For the most part, shoes last between 300-400 miles. I always tell people if you haven’t done anything differently and your legs feel more tired,, it’s probably the shoes. I haven’t kept track of the mileage on my shoes in years. When the running shoes stop feeling good, it’s time to replace them.
The bottom line is: Yes, you can wear your running shoes for everything, and it will be more comfortable. However, if you wear running shoes outside of running, they will last less time.
Other Running Store Posts:
Thoughts While Working in the Running Store
Should Race in Racing Flats?
Are You Getting Enough Protein for Running?
Why 5ks are the Best
How Alternating Shoes Can Benefit Your Running:
How to Transition in Minimalist Running Shoes
Finally, have you subscribed to the LOLZletter? It’s a free newsletter that comes out each Monday. In the newsletter, I share running industry trends and things relevant to the sport.
If you want to learn more about running shoes in general, I wrote an ebook.
Question for you: Do you wear your running shoes outside of running?
Good point! I usually wear running shoes to work when I get a new pair. Then the new pair is dedicated to only running.
I’m like you — when my running shoes have come to the end of their life (or I just don’t like them), they become shoes to walk the dogs in.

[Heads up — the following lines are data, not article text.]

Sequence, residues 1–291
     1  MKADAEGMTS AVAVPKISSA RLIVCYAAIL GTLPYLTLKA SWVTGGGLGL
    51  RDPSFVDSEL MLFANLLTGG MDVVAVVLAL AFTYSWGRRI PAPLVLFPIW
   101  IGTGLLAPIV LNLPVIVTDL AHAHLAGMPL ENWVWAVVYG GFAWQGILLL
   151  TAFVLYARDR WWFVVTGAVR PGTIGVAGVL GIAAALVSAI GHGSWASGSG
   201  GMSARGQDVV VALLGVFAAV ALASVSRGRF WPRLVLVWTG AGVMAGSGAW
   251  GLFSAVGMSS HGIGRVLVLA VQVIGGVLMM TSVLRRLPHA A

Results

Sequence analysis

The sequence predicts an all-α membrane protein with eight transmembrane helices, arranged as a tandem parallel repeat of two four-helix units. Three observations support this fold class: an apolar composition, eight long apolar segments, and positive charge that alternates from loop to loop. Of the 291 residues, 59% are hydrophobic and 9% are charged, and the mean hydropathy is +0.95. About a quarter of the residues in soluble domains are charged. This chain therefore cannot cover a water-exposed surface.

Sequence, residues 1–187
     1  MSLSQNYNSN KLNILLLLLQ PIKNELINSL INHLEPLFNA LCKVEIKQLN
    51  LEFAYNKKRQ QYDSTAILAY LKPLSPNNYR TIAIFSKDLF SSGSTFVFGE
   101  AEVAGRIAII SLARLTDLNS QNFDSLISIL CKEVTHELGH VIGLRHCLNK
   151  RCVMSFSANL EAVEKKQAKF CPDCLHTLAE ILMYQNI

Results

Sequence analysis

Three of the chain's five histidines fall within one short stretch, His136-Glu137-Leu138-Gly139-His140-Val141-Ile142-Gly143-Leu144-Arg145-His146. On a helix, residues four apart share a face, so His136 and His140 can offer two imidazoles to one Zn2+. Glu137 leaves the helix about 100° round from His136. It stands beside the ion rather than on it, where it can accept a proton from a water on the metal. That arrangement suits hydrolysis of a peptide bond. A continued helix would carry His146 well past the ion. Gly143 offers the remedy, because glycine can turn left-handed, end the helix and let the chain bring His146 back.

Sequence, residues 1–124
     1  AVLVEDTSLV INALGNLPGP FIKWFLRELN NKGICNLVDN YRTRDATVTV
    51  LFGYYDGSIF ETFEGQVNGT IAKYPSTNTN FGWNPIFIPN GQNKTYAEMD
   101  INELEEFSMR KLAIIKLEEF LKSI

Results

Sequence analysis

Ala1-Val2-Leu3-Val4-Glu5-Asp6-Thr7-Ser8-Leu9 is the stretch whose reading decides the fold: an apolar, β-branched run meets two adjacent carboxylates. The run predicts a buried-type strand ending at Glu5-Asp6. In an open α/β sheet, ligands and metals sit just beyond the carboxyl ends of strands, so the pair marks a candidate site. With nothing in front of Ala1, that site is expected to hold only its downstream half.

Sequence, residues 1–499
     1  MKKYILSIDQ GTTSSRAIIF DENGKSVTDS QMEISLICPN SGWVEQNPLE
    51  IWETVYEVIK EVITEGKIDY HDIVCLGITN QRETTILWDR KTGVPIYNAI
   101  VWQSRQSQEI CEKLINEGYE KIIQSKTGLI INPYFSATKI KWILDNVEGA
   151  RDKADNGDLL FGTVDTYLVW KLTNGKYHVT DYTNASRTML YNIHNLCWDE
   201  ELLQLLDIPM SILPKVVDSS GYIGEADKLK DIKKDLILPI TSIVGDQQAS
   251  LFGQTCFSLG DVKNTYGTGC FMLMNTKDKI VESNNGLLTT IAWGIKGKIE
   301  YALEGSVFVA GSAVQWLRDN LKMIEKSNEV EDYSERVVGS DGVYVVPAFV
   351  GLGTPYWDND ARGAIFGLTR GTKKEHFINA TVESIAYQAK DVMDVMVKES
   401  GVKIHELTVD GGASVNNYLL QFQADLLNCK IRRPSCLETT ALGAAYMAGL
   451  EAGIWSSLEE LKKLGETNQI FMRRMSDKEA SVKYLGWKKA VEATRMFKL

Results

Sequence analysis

Although that begs the question, and I have always wondered this: if they’re at the end of their running life, are they then really okay for walking?
I do the same thing…. I try to keep an older pair for other stuff… although sometimes by the time they get to 300 miles they are pretty beat up!
I do the same thing as you- wear my older, retired, running shoes for general walking around or gym. But it amazes me at just how many runners wear their running shoes for all workouts- including things like spin class, cardio on the machines at the gym, and even lifting. Also, some of those other cross training activities might be better in specific shoes rather than running shoes.
I will say, if I am running errands after a run I just have my running shoes on. I won’t change shoes post-run just to buy groceries after a run or hang out, something like that.
I used to be very good about having two pairs of “running only” sneakers, and rotating them to daily wear as they hit 300 ish miles each. Since getting married and having kids my budget is less forgiving and I walk a lot more than I run (running with the jogging stroller bothers my back and knees — I think pushing 75 pounds of toddlers messes with my form), so I haven’t been as good about it. I’m that mom that never takes off my workout clothes and running shoes unless I’m at church or somewhere else requiring a skirt, so I’m sure I wear out my shoes faster. I need to get back in this habit!
Randomly, I think I went to the same college as you — I linked to your running anniversary post from HRG and noticed the Bears uniform. It’s so weird to see that logo after 16 years! 🙂
That’s exactly what I do with my old running shoes–“retire” them for everyday use. I walk around a lot (to work, for errands, etc.), and I love wearing old running shoes. They are comfy and get the job done. 🙂